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City Planning to Answer Frequently Asked Questions about City of Yes for Economic Opportunity

City Planning to Answer Frequently Asked Questions about City of Yes for Economic Opportunity at Online Public Event

Community Leaders Will Pose Questions Based on Community Feedback about City of Yes Proposal

Event Comes as the Zoning Initiative is Being Considered by Community Boards, Borough Boards, and Borough Presidents

NEW YORK – Department of City Planning (DCP) Director Dan Garodnick today announced that the agency will host a virtual online information session to answer frequently asked questions about the City of Yes for Economic Opportunity proposal. To be held on Tuesday, January 9 at 11:00 am via Zoom, the event will offer a venue for community leaders to ask DCP questions that have been raised during the public review of the proposal. RSVP here.

City of Yes for Economic Opportunity, the second of Mayor Adams’s three City of Yes zoning initiatives, would support small businesses and entrepreneurs, revitalize commercial corridors, boost growing industries, and bolster the city’s industrial sector. DCP held five info sessions before the start of public review and has made over 100 presentations to community and borough boards since the formal public review process began on October 30.

Tuesday’s event aims to provide a convenient online forum for interested New Yorkers from across the city to get answers to the most commonly heard questions from these meetings and dispel any misconceptions or unanswered questions about the proposal. Community leaders representing a diverse array of neighborhoods and stakeholders will bring questions for DCP: Kevin Guscott, a small business owner and Special Projects Manager for the Brooklyn Chamber of Commerce; Rafael Espinal, Executive Director of the Freelancers Union; and Laura Rothrock, President of Long Island City Partnership. A recording and transcript of the event will be available online after it concludes.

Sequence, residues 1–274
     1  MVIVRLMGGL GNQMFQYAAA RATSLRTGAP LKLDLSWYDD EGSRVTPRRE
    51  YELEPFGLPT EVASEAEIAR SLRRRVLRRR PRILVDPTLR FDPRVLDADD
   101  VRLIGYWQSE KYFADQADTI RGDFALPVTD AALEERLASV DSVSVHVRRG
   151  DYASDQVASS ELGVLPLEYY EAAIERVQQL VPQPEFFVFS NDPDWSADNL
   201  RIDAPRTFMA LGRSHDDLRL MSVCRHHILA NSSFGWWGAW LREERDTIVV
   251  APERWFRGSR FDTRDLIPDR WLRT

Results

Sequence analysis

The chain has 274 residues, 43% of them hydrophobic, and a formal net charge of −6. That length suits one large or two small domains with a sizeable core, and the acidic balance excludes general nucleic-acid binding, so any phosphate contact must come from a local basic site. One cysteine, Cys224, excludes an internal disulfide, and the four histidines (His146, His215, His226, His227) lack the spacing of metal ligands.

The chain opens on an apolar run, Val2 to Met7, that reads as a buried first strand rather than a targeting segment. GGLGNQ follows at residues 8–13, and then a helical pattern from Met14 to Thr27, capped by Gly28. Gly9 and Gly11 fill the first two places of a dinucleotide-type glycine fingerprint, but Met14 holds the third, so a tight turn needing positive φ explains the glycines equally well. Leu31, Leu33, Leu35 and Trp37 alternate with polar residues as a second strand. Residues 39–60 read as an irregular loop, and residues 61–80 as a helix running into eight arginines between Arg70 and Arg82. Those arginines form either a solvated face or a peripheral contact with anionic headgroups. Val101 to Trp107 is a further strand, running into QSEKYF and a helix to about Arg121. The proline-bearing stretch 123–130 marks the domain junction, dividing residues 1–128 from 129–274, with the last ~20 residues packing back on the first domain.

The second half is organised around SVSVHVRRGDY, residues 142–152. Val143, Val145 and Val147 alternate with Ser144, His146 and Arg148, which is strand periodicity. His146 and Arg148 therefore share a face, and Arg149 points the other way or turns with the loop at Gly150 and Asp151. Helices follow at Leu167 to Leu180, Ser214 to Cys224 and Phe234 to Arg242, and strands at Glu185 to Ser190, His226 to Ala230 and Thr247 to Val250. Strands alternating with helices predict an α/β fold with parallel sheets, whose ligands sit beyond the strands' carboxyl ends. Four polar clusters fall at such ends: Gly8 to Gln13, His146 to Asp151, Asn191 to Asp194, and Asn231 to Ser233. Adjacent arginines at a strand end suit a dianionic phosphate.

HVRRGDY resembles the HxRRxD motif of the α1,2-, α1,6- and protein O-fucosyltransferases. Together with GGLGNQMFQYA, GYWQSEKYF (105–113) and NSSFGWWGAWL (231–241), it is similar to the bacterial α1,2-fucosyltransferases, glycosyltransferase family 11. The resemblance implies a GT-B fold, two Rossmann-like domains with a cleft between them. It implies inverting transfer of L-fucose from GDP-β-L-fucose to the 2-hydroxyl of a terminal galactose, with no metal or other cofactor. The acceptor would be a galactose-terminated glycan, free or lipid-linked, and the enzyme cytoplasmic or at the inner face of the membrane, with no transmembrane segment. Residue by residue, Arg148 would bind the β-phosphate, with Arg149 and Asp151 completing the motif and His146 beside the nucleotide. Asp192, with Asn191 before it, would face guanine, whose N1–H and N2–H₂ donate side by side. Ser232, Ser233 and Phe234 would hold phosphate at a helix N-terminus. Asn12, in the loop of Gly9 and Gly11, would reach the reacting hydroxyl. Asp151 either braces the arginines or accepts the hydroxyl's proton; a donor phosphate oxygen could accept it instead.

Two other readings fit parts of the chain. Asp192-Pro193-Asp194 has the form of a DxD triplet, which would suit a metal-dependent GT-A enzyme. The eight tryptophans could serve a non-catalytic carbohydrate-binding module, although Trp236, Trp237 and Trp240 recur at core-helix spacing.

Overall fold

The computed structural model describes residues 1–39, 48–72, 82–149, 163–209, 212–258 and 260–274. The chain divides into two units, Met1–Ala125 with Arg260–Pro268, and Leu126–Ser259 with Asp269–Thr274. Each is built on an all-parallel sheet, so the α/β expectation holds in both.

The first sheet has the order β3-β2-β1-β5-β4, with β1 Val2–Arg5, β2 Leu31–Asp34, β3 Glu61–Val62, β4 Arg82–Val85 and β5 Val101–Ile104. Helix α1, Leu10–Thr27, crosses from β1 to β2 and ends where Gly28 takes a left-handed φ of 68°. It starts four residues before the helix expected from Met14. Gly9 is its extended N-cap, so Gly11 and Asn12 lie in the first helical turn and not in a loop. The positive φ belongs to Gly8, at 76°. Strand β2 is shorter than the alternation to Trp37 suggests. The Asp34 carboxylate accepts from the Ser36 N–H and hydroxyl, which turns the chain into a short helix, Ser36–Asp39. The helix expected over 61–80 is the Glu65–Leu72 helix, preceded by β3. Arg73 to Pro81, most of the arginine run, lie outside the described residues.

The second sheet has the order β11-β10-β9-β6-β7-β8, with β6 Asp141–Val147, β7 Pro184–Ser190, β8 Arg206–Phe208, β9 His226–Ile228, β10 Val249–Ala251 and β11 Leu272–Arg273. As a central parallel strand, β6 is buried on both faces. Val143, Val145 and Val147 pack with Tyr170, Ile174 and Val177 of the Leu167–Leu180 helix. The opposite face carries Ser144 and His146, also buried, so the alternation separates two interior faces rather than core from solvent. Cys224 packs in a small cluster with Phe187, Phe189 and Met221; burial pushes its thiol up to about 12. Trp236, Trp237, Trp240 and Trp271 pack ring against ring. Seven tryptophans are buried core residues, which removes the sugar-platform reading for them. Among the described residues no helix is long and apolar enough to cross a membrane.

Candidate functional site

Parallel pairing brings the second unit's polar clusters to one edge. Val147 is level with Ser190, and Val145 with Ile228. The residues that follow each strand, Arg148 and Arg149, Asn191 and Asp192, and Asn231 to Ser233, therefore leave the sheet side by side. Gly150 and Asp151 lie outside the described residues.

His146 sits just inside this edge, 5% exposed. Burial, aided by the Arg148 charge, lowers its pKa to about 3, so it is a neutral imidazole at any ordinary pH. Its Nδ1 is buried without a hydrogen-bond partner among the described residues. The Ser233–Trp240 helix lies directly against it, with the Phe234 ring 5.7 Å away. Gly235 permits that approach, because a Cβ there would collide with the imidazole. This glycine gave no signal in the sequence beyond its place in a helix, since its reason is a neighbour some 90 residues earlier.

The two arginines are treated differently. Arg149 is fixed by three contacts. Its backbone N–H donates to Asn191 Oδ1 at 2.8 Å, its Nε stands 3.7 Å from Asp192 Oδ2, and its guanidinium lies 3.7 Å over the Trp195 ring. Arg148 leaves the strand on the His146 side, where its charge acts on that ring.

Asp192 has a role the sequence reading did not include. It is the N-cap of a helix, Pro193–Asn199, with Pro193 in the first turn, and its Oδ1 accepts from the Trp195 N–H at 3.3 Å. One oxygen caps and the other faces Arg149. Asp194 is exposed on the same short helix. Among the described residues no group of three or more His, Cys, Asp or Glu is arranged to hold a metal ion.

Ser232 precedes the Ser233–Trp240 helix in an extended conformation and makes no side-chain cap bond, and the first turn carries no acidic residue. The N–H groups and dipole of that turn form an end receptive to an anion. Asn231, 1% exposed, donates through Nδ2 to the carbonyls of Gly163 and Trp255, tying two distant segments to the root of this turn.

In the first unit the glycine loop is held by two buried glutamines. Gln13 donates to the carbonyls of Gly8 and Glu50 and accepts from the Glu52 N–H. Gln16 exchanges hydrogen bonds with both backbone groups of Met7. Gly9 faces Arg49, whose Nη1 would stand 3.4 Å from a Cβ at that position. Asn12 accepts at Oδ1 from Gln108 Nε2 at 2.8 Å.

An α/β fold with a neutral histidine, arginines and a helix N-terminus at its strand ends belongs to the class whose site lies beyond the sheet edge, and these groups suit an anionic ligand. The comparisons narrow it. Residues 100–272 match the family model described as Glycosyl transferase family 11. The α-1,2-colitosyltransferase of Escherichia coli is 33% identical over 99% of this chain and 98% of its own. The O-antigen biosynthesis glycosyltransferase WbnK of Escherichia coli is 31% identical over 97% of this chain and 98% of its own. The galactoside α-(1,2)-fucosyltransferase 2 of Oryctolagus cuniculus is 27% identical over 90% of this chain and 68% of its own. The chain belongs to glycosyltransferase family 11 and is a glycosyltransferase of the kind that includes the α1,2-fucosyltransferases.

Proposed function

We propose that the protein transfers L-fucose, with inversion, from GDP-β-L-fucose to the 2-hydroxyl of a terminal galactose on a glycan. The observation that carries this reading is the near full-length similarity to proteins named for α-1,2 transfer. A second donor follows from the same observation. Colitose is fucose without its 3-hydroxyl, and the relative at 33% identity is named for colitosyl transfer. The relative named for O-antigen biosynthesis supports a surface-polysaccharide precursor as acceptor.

The event comes during community boards’, borough boards’, and borough presidents’ formal review period on the proposal, which includes 18 proposed changes to the city’s zoning regulations. 4 community boards have already voted in support of the proposal, while 4 have voted to disapprove. On January 24, the City Planning Commission (CPC) will hold a public hearing, followed by a vote in the spring; if the CPC votes to approve the initiative, the City Council will hold a hearing and vote to approve, modify, or disapprove the proposal.

City of Yes for Economic Opportunity is the second of three City of Yes initiatives to update New York City’s zoning for a more sustainable, prosperous, and affordable city. The first, City of Yes for Carbon Neutrality, was adopted by the City Council in December, lifting barriers to clean energy and sustainability efforts like building retrofits, solar panels, electric vehicle charging, and more. The third, City of Yes for Housing Opportunity, aims to build a little more housing in every neighborhood. It is currently undergoing environmental review and will begin formal public review in the spring.


Department of City Planning
The Department of City Planning (DCP) plans for the strategic growth and development of the City through ground-up planning with communities, the development of land use policies and zoning regulations applicable citywide, and its contribution to the preparation of the City’s 10-year Capital Strategy. DCP promotes housing production and affordability, fosters economic development and coordinated investments in infrastructure and services, and supports resilient, sustainable communities across the five boroughs for a more equitable New York City.

In addition, DCP supports the City Planning Commission in its annual review of approximately 450 land use applications for a variety of discretionary approvals. The Department also assists both government agencies and the public by advising on strategic and capital planning and providing policy analysis, technical assistance and data relating to housing, transportation, community facilities, demography, zoning, urban design, waterfront areas and public open space.